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No: I72 July 2010

Fusarium Wilt of Rosewood

B. Condé, Plant Pathology, Plants Industries, Darwin


The Indian rosewood (Pterocarpus indicus Willd.) and the weeping Indian rosewood (P. indicus, variety "pendula") are popular shade trees commonly grown along streets, on parklands and on large rural properties in tropical and equatorial regions, including the Northern Territory (NT). They grow fast and generally have few problems. However, they can be attacked by the fungus Fusarium oxysporum, which causes Fusarium wilt. Other problems include looper caterpillars, which cause defoliation, leading to dieback. Also, indirect lightning strikes, which can cause longitudinal cracks in the trunk and branches, can result in some losses. Trees grown on shallow rocky soils may be stressed. Also, seasonal defoliation may sometimes occur in the dry season.


Fusarium wilt has been known to cause severe problems in P. indicus trees in Malaysia and Singapore for over 100 years, where they are known as angsana trees and the disease as angsana wilt. In the Seychelles, the disease has been studied since 1998, where it is known as Sandragon disease.

Figure 1. A rosewood tree showing symptoms of Fusarium wilt


A few years ago, symptoms of Fusarium wilt and dieback were observed on weeping Indian rosewood trees in Darwin. In the last 12 months, there has been an increase in symptoms on rosewood trees in Darwin's rural areas, particularly in Humpty Doo and McMinns Lagoon. F. oxysporum colonies were consistently isolated in culture media from symptomatic weeping Indian rosewood trees. The fungal isolates have cream coloured colonies, which age to a pale orange colour on a potato dextrose agar culture medium. DNA sequencing confirmed the identification of the fungus as F. oxysporum. It is not known whether the fungus is of a local or overseas origin. Pathogenicity tests are being carried out to confirm the aetiology of the disease.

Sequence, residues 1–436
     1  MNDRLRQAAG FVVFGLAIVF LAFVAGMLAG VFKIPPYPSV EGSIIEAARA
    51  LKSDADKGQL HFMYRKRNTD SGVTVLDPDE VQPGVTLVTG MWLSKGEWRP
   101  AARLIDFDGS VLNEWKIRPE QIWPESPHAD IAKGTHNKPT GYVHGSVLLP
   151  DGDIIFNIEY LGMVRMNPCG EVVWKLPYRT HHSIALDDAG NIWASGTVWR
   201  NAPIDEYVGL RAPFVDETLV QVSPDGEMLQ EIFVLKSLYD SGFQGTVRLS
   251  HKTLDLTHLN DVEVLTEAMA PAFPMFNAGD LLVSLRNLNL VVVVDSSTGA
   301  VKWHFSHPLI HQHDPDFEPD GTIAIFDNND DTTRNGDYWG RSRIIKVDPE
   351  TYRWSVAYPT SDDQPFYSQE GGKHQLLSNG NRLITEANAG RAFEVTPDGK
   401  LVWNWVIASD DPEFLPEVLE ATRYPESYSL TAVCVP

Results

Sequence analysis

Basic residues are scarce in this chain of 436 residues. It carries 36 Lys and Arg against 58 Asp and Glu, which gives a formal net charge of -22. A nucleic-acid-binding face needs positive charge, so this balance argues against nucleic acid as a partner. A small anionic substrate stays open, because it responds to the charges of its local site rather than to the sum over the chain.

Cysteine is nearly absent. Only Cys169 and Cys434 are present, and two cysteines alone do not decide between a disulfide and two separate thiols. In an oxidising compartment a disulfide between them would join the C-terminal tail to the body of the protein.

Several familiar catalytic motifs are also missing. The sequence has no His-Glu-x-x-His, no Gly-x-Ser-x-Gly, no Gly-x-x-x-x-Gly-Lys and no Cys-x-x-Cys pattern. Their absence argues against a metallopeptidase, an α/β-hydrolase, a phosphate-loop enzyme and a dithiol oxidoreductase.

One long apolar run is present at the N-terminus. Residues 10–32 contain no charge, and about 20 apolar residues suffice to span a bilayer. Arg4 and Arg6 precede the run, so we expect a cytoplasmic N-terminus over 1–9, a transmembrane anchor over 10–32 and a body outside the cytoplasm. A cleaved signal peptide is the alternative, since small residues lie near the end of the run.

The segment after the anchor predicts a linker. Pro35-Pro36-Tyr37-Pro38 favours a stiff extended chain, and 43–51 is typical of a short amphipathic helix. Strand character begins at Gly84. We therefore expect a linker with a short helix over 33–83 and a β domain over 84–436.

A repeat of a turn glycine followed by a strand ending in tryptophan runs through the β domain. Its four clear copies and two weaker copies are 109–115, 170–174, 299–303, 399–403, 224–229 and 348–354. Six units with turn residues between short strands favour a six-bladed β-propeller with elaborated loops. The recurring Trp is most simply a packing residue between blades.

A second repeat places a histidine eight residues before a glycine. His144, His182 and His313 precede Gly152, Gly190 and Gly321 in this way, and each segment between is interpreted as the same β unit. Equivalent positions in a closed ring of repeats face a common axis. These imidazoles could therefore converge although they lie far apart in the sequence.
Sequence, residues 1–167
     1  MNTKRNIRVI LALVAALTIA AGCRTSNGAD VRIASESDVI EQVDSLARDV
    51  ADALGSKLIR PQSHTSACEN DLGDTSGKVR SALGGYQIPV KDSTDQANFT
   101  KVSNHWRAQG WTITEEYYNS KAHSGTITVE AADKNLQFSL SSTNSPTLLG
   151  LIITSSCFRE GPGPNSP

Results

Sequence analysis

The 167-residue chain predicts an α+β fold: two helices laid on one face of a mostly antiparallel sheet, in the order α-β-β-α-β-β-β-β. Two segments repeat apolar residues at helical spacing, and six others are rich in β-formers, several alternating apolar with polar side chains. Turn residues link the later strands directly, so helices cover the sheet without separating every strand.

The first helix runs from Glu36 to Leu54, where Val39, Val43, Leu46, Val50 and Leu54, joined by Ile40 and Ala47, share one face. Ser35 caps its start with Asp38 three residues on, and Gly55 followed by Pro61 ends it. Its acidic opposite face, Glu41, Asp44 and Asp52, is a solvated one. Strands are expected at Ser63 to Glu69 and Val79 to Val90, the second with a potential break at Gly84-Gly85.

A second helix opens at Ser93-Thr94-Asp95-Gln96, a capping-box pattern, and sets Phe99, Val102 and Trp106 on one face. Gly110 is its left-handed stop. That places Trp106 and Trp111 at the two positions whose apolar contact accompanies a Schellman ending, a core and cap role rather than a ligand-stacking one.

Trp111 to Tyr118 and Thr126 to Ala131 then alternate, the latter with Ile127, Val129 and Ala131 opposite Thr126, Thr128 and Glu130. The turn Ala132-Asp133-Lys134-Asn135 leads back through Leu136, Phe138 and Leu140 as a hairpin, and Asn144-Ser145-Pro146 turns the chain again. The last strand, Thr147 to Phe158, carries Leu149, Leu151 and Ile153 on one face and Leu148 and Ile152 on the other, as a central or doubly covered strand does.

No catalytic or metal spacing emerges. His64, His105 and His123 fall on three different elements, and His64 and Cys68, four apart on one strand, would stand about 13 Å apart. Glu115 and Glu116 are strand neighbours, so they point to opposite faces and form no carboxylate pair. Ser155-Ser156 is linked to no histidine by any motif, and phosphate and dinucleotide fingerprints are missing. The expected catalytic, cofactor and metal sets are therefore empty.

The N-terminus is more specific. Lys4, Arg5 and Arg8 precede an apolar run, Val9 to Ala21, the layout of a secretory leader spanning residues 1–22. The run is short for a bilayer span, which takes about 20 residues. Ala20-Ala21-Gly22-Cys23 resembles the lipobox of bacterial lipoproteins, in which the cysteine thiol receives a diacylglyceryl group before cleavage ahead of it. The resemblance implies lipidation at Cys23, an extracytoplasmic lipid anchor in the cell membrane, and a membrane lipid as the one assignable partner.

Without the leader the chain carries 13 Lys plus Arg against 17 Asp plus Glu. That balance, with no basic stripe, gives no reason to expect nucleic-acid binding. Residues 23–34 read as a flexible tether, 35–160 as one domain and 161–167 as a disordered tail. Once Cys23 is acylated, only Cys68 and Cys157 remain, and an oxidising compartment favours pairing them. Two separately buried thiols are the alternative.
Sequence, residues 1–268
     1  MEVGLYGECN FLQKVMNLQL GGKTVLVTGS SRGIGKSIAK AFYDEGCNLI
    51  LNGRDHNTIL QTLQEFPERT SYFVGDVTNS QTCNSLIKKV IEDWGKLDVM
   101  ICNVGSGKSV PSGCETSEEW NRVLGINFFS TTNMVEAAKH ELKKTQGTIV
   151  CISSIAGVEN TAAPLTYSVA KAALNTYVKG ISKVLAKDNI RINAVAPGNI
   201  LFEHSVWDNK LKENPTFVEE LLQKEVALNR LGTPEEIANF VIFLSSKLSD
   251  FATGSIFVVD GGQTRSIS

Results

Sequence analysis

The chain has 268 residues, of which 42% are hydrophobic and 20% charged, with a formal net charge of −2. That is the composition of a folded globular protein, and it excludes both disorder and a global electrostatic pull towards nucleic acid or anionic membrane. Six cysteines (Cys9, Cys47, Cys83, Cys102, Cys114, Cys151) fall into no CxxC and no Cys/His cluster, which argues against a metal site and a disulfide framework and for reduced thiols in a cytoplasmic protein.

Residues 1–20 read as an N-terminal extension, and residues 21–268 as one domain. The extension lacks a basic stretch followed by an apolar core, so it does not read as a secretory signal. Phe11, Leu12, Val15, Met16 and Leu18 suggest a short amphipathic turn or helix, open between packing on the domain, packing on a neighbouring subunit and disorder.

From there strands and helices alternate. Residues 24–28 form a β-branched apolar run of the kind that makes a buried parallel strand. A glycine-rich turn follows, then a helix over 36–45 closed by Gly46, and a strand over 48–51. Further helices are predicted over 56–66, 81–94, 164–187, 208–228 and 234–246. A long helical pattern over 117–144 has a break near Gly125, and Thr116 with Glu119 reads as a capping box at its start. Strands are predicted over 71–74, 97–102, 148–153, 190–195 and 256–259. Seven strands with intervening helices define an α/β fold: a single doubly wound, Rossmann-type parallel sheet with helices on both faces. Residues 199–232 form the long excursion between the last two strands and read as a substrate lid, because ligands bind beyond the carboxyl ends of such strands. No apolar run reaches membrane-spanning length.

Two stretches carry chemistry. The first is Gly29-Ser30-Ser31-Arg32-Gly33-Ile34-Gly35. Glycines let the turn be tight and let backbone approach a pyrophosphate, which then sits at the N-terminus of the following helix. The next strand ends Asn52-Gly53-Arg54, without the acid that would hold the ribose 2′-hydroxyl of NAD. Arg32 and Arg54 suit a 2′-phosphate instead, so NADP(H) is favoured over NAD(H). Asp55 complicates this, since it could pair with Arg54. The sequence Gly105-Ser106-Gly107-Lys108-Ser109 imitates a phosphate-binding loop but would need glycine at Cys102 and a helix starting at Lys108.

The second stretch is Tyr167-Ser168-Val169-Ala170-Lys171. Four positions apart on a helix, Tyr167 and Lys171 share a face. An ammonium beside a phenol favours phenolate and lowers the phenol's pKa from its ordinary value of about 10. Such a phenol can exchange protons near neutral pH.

Generally, infected trees do not exhibit symptoms until they are at least four to five years old. Leaves become flaccid, turn pale and then yellow and drop off. This is followed by dieback in twigs and branches. The bark peels off and rots, often exposing secondary rots and insect activity. When the rotted bark is chopped off, the infection can be seen as the outer wood turns brown or has brown streaks, in contrast to the white wood with rose resin streaks in healthy trees.